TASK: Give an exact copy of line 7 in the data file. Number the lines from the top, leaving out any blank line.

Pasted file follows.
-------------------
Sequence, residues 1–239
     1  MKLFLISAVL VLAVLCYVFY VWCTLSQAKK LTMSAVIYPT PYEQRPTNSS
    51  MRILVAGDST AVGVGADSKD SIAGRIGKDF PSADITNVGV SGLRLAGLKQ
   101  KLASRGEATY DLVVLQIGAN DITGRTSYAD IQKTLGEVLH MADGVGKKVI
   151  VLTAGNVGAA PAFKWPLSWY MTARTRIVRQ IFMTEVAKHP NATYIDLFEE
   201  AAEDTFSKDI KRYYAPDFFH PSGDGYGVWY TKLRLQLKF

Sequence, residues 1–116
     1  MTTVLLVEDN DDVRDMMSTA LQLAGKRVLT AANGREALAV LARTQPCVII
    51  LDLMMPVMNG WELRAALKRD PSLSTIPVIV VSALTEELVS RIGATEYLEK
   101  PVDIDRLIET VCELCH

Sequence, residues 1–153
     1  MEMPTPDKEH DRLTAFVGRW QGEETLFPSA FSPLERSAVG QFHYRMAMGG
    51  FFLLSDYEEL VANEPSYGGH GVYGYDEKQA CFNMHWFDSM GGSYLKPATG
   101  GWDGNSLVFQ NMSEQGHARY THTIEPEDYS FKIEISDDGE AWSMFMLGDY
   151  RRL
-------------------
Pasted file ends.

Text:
Sequence, residues 1–116